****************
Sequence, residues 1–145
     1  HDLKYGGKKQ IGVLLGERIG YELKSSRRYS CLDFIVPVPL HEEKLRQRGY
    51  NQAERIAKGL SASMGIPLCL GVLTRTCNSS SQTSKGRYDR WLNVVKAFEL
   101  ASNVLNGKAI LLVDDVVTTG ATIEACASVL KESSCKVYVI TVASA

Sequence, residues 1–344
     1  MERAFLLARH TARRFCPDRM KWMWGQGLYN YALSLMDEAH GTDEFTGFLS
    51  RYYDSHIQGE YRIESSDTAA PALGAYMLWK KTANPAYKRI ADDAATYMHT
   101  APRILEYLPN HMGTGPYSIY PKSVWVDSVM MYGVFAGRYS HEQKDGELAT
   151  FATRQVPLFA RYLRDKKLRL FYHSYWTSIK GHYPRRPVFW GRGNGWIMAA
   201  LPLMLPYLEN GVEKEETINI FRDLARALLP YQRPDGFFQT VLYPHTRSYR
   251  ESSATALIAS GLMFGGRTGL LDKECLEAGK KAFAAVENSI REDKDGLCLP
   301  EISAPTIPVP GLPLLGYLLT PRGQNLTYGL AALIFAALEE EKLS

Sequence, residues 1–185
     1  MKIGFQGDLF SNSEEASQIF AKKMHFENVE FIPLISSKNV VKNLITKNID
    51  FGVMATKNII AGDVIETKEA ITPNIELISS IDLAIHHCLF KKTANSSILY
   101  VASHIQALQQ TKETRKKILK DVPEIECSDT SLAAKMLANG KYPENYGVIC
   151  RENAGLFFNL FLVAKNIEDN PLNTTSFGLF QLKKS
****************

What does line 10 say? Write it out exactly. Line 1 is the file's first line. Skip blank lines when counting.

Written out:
   201  LPLMLPYLEN GVEKEETINI FRDLARALLP YQRPDGFFQT VLYPHTRSYR